What the Samaritan did in in Jesus’s story of Lk 10.34-35 is inspired by the the witness of the Scriptures he was raised on in 2 Chronicles 28.15ff. The contours, and even details, line up these text:

leaders of Samaria,
the care,
even the idea that “we” might be more righteous than “them.”

Both texts reflect on the meaning of Leviticus 19.18.

Jesus has turned the lawyer’s attempted self-justification with Oded’s question in 28.10, “aren’t you also guilty of sins before the LORD your God?” The best of us is in desperate need of God’s grace because we are guilty.

Wrapping Up

Jesus has taken a story from Scripture, one that recounts what love for neighbor really meant. In the parable, Jesus confronts us with the Bible itself. But it is not simply the case that the hated Samaritan is now my “neighbor” and I love that person. Rather the Samaritan is transformed into a “kindred” … a brother. The enemy is transformed into my (our) brother. Fellow human beings are “brothers/sisters.”

As God’s people we recognize that we have NO enemies. When we encounter a person in need – even if that person considers him/herself my enemy – we are not merely neighbors rather we are “kindred/brothers/family” and practice the family character trait of mercy.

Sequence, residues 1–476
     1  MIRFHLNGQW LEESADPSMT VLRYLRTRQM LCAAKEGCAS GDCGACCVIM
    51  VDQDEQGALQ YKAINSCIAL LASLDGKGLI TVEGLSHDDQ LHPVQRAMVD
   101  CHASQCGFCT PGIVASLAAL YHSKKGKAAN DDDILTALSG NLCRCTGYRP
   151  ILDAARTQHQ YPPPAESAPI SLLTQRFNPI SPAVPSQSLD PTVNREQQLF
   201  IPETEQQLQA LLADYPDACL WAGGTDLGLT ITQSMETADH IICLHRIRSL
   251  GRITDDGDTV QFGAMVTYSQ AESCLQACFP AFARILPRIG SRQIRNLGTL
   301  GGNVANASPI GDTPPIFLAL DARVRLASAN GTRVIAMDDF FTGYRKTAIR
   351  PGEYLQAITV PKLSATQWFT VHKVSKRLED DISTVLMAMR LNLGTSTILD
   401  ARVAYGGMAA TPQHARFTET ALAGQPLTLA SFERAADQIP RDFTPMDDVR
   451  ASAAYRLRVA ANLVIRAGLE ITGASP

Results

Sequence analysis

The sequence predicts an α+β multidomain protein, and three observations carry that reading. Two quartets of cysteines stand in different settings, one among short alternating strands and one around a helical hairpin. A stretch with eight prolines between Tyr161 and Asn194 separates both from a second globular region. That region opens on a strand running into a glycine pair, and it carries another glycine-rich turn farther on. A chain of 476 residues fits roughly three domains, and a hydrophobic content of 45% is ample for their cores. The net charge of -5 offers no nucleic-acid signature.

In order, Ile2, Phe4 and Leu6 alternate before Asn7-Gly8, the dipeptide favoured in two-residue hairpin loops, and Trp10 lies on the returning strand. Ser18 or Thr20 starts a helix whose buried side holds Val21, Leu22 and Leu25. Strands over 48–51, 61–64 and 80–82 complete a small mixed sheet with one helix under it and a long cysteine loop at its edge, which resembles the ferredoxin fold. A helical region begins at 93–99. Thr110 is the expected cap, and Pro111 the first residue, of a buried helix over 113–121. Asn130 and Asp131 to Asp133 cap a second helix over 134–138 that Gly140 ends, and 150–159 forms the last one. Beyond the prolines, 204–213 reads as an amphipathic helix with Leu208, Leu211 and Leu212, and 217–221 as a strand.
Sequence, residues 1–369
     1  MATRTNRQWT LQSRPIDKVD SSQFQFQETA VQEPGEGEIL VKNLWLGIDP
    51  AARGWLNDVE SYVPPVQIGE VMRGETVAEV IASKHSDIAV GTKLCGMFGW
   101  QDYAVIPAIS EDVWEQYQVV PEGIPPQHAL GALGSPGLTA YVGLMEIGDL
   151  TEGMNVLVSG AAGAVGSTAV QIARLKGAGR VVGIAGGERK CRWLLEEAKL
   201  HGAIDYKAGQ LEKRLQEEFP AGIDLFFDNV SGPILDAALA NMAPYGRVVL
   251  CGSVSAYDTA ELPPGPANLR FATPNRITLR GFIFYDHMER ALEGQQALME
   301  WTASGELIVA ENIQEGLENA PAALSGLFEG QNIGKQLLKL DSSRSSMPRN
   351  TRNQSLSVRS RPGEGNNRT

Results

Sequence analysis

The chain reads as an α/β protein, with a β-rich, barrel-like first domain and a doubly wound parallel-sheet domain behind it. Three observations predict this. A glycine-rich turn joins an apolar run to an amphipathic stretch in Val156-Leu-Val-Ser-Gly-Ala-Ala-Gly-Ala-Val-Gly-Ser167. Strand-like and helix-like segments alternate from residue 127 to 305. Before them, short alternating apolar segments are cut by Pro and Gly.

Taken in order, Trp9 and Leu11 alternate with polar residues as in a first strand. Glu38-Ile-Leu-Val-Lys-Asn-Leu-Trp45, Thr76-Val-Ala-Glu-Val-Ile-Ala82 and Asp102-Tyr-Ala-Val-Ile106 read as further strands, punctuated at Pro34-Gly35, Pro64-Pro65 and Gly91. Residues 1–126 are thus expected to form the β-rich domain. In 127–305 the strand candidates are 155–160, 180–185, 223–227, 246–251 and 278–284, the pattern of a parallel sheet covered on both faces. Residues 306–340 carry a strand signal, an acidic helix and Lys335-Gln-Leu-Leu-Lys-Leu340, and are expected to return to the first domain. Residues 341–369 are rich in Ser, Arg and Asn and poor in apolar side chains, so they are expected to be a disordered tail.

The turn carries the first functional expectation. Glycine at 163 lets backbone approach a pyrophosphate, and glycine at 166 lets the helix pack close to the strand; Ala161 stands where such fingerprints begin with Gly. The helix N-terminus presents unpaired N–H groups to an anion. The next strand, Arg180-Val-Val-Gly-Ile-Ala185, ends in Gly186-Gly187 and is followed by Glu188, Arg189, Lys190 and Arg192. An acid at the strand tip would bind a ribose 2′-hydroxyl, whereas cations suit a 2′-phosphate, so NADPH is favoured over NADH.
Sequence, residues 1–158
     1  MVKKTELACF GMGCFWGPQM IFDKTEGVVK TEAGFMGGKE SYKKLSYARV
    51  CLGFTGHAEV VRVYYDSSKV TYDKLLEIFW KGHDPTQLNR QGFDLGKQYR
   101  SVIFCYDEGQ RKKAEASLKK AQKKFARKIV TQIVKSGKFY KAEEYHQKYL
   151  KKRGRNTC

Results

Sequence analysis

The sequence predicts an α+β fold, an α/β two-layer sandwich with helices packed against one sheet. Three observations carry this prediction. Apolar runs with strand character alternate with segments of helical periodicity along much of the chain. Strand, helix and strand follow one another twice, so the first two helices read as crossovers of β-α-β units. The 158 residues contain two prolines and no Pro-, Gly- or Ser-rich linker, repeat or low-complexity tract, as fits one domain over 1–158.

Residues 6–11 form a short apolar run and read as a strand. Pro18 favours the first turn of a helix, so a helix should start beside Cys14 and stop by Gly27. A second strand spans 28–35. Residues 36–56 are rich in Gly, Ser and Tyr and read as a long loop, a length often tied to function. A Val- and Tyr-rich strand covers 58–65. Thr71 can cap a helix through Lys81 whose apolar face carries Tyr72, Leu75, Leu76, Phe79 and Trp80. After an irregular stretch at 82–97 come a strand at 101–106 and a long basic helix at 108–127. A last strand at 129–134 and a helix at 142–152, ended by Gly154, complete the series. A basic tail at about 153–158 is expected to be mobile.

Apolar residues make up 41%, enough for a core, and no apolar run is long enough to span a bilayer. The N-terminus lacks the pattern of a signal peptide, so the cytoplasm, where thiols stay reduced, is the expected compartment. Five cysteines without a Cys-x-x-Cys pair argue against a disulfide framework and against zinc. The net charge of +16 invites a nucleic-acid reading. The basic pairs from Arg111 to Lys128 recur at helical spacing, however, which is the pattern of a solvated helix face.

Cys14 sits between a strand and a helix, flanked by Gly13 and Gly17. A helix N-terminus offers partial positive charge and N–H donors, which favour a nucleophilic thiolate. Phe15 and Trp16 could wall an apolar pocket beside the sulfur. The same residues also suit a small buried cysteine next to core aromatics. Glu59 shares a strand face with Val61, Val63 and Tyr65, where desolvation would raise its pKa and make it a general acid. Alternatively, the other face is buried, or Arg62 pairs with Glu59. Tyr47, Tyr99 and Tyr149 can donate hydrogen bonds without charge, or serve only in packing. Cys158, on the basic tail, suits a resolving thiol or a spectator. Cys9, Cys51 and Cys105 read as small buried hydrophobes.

Some Sources

Many older sources completely ignore the 2 Chronicles subtext of the Good Samaritan. Protestant scholars have, historically, wanted to divorce Jesus from his Jewish matrix, that is best done by simply not acknowledging it. And frankly (and sadly) many NT scholars simply do not know their “Old Testaments.”

Thankfully, a change is taking place though still among Evangelical scholarship there is hesitancy. Thus, G. K. Beale and D. A. Carson’s Commentary on the NT Use of the Old Testament does not discuss 2 Chronicles at all in relation to the Good Samaritan.

Yet back in 1955, C.E.B. Cranfield drew attention to it in an article called “The Good Samaritan (Luke 10.25-37) in Theology Today. F. H. Wilkinson published an insightful article in Expository Times called, “Oded: Proto-Type of the Good Samaritan.” The most extensive study was published by F. Scott Spencer in Westminster Theological Journal in 1984 called “2 Chronicles 28:5-15 and the Parable of the Good Samaritan. Since then there has been a turn. Finally, the most recent is the Jewish scholar Amy-Jill Levine in Short Stories by Jesus.

Worship is the Shema in 3D

Day 31, August 31, 2020. With this post we wrap up our eighth journey thru the Psalter for 2020. Though I have been doing this for 20ish years or so, each journey thru the Psalter has been unique.

I can look back over my Psalm prayer journal and see earthquakes in my life. I see times when the days prayer time seemed perfunctory. I can see times when I did it out of a sense of obligation.